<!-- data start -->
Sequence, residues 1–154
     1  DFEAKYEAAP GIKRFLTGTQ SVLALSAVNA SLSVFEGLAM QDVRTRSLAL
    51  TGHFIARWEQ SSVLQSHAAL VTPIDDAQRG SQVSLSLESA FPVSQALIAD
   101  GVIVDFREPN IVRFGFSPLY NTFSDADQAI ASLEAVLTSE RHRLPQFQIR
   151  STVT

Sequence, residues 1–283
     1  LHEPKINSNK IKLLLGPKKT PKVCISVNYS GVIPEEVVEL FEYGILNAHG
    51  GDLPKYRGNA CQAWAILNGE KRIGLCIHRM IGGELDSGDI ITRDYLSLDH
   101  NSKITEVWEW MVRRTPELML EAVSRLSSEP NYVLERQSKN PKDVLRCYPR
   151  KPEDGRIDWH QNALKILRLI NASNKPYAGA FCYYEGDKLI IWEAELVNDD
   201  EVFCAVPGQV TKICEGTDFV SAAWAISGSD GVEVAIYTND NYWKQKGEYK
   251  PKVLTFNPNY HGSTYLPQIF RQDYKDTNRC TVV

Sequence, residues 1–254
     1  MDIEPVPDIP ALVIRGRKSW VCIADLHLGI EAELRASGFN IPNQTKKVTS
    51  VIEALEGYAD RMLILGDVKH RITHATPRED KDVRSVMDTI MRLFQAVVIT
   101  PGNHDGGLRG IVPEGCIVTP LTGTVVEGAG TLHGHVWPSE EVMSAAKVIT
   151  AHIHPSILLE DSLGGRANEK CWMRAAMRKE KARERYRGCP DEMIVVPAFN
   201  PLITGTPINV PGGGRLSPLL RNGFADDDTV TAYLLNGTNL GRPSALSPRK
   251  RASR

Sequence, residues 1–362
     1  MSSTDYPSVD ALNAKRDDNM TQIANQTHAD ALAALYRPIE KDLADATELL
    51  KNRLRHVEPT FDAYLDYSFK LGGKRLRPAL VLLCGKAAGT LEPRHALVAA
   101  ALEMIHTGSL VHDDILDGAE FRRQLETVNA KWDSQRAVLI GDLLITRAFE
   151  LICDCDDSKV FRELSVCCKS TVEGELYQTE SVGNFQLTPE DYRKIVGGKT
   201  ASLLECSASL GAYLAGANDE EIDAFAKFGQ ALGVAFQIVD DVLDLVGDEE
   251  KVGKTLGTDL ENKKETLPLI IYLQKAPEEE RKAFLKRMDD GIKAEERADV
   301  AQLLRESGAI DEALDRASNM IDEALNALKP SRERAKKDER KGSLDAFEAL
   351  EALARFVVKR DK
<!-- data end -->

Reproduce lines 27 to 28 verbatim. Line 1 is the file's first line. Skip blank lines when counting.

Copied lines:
   301  AQLLRESGAI DEALDRASNM IDEALNALKP SRERAKKDER KGSLDAFEAL
   351  EALARFVVKR DK